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Asbestos lurks in more places than you’d think.

Eimear test O'Sullivan

23-29 November was Asbestos Awareness Week, so we're encouraging our members to be more aware of asbestos when doing work, or even in your home. 

If a house was built or renovated before 1990, there is a good chance it has some asbestos.

Did you know it’s often found lagging around pipes, inside fuse boxes or as part of ventilation shafts?

 

Work health and safety (WHS) laws prohibit work involving asbestos apart from in specific circumstances where you are required to follow strict safety rules.

The law may also prevent you from removing asbestos yourself, and if you are allowed, you must follow strict safety precautions and use the right Personal Protective Equipment.

Commercial and public buildings built before a certain date are required to have an asbestos register – but that’s not the case for homes, even though they are often workplaces too.

Where might asbestos be in a home? You can find out here.

Asbestos becomes dangerous once the fibres are disturbed, become airborne and then inhaled. This can happen if you’re sanding, drilling, cutting or sawing asbestos.

Asbestos is a known carcinogen and inhaling asbestos fibres can cause several life-threatening diseases including pleural disease, asbestosis, mesothelioma and lung cancer. Each year in Australia, around 4,000 people die from asbestos related illnesses.

Don't risk the possible health effects of asbestos exposure. The World Health Organization says there is no known safe level of exposure to asbestos fibres.

Watch this video about asbestos exposure in the workplace here.

You wouldn’t do electrical wiring without training, the same is true for handling or removing any asbestos. It’s always safer – and usually cheaper too – to call in an asbestos professional.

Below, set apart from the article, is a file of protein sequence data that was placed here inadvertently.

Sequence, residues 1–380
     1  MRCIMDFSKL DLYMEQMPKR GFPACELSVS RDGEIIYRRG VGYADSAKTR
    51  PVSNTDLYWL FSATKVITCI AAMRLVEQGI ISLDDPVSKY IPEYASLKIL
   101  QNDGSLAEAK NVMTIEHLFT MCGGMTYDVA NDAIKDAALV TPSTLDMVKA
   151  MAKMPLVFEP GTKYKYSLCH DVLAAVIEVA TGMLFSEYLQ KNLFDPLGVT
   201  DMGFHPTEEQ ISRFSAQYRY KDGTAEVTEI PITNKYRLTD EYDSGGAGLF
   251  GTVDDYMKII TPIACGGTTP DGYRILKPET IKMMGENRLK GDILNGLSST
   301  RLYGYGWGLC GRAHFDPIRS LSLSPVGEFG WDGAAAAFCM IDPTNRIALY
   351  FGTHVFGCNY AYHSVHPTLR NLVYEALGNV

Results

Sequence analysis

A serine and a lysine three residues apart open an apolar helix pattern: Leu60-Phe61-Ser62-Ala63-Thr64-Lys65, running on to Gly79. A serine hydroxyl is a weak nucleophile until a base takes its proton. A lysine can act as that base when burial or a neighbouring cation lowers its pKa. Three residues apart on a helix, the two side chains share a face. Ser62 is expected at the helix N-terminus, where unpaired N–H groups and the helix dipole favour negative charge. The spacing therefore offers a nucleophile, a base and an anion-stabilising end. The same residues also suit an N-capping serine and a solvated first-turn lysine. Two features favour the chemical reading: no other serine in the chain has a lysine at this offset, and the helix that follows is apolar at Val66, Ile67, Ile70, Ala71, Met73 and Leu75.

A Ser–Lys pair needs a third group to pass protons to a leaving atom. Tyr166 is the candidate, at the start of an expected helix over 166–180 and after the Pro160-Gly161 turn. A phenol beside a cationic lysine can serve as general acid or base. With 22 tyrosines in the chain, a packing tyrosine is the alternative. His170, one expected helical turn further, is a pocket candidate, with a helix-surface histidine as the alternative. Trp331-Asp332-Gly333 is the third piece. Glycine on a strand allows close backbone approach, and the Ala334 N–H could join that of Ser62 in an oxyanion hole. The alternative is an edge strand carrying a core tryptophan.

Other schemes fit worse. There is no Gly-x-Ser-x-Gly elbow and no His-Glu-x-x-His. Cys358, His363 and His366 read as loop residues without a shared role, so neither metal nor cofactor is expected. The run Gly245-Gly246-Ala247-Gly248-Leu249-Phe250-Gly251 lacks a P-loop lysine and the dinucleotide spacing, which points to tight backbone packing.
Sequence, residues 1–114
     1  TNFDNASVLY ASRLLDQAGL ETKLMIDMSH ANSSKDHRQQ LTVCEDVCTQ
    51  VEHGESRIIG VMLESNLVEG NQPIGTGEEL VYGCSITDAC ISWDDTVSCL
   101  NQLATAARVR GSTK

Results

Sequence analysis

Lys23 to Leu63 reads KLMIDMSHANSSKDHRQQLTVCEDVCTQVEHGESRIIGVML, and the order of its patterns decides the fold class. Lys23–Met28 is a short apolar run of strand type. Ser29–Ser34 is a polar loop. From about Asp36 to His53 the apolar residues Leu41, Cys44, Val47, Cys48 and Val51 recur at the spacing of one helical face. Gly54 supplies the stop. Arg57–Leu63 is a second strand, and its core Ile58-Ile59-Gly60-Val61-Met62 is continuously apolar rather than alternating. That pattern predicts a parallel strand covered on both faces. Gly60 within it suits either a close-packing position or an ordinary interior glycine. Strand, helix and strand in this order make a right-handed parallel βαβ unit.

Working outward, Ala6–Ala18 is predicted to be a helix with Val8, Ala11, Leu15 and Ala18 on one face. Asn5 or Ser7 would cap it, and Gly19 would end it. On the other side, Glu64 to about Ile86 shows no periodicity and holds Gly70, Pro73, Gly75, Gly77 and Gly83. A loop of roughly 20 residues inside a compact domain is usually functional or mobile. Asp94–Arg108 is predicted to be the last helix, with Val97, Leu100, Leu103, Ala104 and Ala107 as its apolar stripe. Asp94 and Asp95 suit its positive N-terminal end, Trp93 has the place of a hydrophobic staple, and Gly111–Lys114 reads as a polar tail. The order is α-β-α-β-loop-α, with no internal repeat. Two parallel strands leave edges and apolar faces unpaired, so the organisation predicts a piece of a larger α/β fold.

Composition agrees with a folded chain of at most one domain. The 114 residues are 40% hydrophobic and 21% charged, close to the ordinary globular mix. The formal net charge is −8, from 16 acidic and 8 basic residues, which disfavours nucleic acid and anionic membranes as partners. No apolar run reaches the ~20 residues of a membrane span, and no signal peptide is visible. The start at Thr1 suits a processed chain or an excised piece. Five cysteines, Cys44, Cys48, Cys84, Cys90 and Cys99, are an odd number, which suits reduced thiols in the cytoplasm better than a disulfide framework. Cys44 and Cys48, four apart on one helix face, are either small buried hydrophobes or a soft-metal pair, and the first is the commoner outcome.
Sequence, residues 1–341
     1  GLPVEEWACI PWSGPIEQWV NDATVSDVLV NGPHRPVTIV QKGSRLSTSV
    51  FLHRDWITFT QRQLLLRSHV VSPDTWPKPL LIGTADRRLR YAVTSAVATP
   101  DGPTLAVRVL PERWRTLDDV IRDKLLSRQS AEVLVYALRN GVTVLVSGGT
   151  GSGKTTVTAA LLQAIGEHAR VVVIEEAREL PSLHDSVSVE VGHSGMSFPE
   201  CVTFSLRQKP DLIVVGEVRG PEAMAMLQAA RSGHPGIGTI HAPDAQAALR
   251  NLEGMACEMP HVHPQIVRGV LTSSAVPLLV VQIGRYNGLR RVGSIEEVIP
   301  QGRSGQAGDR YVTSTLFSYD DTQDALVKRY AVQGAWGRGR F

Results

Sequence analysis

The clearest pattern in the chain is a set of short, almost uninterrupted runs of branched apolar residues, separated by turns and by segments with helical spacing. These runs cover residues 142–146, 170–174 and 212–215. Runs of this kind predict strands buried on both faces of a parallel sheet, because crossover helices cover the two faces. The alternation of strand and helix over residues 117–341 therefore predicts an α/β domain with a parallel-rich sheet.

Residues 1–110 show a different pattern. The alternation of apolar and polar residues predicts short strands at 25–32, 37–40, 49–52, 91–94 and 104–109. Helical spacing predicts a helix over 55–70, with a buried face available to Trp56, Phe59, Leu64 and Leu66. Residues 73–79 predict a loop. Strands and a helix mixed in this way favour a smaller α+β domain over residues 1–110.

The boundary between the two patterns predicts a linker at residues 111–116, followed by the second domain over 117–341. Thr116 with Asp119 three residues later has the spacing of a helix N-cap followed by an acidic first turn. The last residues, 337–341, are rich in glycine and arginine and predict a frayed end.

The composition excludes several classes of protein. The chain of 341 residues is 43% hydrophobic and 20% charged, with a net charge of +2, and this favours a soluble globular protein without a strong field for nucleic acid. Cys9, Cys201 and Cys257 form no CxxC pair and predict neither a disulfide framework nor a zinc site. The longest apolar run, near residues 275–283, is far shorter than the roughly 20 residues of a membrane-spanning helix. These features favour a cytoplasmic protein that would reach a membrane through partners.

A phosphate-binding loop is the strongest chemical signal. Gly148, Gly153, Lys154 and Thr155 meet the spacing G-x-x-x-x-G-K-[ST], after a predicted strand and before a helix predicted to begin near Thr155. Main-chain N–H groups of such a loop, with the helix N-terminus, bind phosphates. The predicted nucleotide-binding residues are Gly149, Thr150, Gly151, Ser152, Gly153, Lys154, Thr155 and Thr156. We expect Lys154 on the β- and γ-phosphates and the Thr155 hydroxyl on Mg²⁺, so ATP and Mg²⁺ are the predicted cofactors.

Union action against asbestos

This year the Union took action on many sites against asbestos

In NSW, an ETU site inspection detected asbestos on the major Sydney infrastructure project M4-M5 Link, after members raised concerns.Union officials documented contaminated soil before reporting the asbestos to SafeWork NSW.

The regulator confirmed ETU concerns, with an Improvement Notice noting “workers may be exposed to … inhalation of asbestos fibres.”The exposed asbestos may be friable, the mineral’s most deadly form, Safe Work said.

Builder Lendlease was told to take several actions to manage risks associated with asbestos fibres.

The ETU also backed members at Balmain Shipyard who insisted on strict safety protocols after asbestos was found in three Indonesian-built ferries.

The Balmain facility will maintain the vessels which are part of the Sydney Ferries fleet operated by Transdev.

Unions banned the ferries after asbestos was identified in gaskets when the ships reached Australia. The gaskets were removed but Transdev cannot guarantee the ferries are 100 % asbestos-free.

Please contact your state branch of the ETU if you think you have been exposed to asbestos or are faced with an asbestos related issue within your workplace.

Find out more about asbestos in your state or territory below:

NSW: www.asbestos.nsw.gov.au

VIC: www.asbestos.vic.gov.au/

QLD: www.asbestos.qld.gov.au

TAS: www.worksafe.tas.gov.au/asbestos-safety

ACT: www.asbestos.act.gov.au

SA: www.asbestos.sa.gov.au

WA:www.commerce.wa.gov.au/worksafe/asbestos-frequently-asked-questions

NT: www.asbestos.nt.gov.au

 

 

 

 


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